Location may have an effect on clientele, and it’s hard to determine who’s eating at all these restaurants and paying the Dh700 per head each can easily average. Farzi Café is visibly popular with Emiratis possibly because it doesn’t serve alcohol, but also because of the Arabian touches on its menu (a hummus sampler comes with three different varieties and plenty of papads), but its “fine casual” approach and reasonable prices resonate with all markets.
Uptown, at Grosvenor House, it’s a different story. More than half of Bhatia’s diners are Western expatriates and tourists, with GCC nationals making up the second-largest category of visitors. Indians only account for about 12 per cent of his business, he says — although they are the UAE’s largest expat group. He says that percentage is increasing, however, as more Indians travel to Dubai and they become the top tourist source market.
Lilaramani targets everyone at Jodhpur, which sits close enough to attract both The Dubai Mall tourists and the DIFC bankers. With Carnival sitting less than a kilometre away, Nath’s hoping it will cut across demographics, he told GN Focus earlier this year. Like Bhatia, he believes there’s enough demand for upscale Indian food for yet another Indian restaurant. “Our customers are well-travelled, experienced diners with discerning tastes who wish to experiment and try a fresh take on Indian cuisine,” Nath says.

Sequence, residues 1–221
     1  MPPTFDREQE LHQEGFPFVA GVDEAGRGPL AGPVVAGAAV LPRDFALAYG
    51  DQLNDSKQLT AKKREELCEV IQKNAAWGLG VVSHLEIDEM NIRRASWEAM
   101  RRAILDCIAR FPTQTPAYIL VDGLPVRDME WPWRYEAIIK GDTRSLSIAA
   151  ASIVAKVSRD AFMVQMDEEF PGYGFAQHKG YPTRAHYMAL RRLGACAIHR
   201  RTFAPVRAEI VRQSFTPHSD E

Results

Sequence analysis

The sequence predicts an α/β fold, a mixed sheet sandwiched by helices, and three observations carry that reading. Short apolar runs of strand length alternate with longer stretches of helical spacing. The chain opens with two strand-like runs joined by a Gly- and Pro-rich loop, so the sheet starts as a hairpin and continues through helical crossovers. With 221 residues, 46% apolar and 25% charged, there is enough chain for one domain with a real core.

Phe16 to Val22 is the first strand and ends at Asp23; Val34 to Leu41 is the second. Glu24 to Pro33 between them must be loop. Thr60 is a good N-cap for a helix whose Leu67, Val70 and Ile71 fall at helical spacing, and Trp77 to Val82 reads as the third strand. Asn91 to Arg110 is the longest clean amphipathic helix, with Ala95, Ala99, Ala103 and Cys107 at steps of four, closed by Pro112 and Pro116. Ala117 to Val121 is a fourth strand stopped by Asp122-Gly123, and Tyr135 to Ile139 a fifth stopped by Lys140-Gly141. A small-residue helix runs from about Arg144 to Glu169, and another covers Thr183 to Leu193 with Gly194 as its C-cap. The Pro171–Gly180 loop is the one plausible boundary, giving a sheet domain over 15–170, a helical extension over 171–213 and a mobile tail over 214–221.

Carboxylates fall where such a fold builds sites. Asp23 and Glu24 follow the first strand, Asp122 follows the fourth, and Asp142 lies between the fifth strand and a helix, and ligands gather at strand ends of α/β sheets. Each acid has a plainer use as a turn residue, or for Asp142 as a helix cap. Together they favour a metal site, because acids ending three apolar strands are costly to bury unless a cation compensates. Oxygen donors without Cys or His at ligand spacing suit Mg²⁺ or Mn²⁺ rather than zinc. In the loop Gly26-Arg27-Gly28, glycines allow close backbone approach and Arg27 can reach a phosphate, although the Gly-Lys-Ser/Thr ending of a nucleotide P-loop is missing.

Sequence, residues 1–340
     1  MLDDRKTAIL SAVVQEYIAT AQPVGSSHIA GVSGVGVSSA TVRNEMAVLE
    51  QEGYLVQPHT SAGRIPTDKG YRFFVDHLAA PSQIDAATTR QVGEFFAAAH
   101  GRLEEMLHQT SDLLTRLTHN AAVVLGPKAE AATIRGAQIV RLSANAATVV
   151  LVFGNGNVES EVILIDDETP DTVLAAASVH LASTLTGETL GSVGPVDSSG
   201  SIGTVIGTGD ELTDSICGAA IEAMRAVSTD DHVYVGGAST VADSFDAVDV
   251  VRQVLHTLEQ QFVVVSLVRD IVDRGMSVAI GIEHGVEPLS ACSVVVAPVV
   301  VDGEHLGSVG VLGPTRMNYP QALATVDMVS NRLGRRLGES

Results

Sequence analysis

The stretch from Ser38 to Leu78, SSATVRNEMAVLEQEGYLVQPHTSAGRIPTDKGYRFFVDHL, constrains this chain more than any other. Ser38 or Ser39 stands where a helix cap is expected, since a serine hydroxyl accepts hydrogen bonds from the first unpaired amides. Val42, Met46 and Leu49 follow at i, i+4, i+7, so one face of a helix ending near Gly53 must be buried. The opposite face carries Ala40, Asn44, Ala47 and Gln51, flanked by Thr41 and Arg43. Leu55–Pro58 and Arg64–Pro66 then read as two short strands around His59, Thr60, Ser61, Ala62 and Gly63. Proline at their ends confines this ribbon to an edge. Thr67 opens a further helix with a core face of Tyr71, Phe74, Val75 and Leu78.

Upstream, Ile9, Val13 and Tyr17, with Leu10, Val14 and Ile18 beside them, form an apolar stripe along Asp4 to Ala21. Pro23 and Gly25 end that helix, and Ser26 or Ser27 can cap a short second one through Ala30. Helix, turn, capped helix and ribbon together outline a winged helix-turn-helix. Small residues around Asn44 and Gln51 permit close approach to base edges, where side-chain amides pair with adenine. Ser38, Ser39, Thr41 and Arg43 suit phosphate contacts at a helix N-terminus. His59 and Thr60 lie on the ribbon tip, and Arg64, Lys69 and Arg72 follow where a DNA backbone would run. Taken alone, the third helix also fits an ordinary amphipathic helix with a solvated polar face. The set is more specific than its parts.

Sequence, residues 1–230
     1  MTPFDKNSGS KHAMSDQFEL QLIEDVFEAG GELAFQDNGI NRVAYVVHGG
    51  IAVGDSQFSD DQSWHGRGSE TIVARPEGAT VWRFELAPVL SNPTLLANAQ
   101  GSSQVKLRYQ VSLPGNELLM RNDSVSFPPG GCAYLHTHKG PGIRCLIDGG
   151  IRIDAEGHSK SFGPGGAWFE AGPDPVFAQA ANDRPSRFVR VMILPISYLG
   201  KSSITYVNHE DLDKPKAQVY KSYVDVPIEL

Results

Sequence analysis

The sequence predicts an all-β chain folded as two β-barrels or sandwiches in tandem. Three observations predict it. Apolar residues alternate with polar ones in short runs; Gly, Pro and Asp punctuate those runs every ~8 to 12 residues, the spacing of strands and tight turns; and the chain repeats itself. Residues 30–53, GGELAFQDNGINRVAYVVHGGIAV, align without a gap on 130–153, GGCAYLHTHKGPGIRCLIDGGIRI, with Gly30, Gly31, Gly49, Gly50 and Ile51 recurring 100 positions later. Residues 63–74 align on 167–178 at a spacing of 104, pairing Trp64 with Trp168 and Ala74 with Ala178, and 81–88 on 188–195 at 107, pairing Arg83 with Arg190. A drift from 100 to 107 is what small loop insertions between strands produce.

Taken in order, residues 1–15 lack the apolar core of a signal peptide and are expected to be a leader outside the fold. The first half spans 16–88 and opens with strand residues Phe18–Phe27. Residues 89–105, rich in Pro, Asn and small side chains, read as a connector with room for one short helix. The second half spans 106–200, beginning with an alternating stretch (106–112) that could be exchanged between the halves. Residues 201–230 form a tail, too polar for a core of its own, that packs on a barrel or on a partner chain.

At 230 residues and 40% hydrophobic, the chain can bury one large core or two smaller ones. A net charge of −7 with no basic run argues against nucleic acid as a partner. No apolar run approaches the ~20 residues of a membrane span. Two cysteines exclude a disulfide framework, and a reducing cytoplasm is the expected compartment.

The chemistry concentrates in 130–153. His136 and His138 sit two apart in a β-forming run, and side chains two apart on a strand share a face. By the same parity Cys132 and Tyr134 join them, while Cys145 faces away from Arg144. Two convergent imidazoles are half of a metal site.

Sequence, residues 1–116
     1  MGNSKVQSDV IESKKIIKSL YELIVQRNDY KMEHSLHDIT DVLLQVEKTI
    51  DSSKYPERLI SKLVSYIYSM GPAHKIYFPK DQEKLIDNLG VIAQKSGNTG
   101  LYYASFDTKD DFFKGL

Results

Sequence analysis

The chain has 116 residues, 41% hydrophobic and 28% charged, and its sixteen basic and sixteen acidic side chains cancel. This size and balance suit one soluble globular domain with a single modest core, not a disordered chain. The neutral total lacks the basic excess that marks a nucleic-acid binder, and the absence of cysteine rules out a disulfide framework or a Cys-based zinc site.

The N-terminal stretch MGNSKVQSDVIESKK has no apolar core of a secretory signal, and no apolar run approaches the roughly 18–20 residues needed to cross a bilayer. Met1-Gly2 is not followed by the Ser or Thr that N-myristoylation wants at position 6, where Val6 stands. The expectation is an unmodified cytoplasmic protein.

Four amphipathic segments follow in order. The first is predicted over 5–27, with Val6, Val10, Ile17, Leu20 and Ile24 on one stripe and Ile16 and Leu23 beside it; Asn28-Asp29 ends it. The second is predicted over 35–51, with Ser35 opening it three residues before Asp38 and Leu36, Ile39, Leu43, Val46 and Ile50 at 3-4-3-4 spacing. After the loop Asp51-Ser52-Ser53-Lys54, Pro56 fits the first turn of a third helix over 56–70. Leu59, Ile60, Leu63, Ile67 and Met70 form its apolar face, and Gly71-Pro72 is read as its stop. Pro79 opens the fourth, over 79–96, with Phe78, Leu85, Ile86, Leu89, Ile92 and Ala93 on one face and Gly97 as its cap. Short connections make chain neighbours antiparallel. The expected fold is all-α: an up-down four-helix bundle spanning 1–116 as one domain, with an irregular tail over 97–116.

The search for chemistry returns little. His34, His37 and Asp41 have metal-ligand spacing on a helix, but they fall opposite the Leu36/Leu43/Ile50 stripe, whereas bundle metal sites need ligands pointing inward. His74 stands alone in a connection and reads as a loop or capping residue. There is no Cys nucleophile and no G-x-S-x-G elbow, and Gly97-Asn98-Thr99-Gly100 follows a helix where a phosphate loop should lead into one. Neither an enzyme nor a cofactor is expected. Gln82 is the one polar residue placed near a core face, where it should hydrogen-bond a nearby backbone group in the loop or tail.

Changing culinary perceptions
Bhatia says the growth is in line with an expanding international palate. “Demand is rising internationally, we’re getting a lot of requests from North America and the Far East,” he says over the phone from London. “Taste buds have opened up a lot and what is served there is quite boring. Our food is flavourful but not fiery.”
Over his decades-long career, he’s bust several myths about Indian food — notably the one that every recipe calls for an inordinate amount of chillies.
“And it’s just the tip of the iceberg. So many more chefs are coming in now, such as Zorawar for example, each with their own ideas and techniques,” Bhatia adds. “The pan is huge but to be successful, you need to make a splash.”
Thankfully, that could mean the end of the tableside theatrics. In the age of Instagram, how many more chaat trolleys can you scroll through?
Indeed, across the sea, though, the trend for liquid nitrogen appears to have been quickly digested. At top restaurants in India it’s now seen as too mainstream, and the focus has returned in equal part, to classic dishes and ingredients.
Ananta at the Oberoi Dubai, for instance, has already returned to its roots. When it opened in 2013, the restaurant offered both traditional and contemporary menus, featuring items such as spiced foie gras seared in a banana leaf. Last year, they changed the menu again, to focus on recipes from India’s royal kitchens. At the time, restaurant staff said this was because diners wanted more authentic fare.
“When theatrics become gimmicks, that’s a problem,” says Kalra, adding that the cuisine has already taken a post-molecular turn.
Saini for his part claims to be helming the introduction of “postmodern Indian cuisine” at Carnival, although he has a microbiologist and a florist on his team. “It’s time to go further and do exciting new things,” he says.
The man to watch, though, will be Bhatia, who’s busy dreaming up new dishes for Rasoi’s successor. Whatever he does is sure to be copied by everyone else in the business.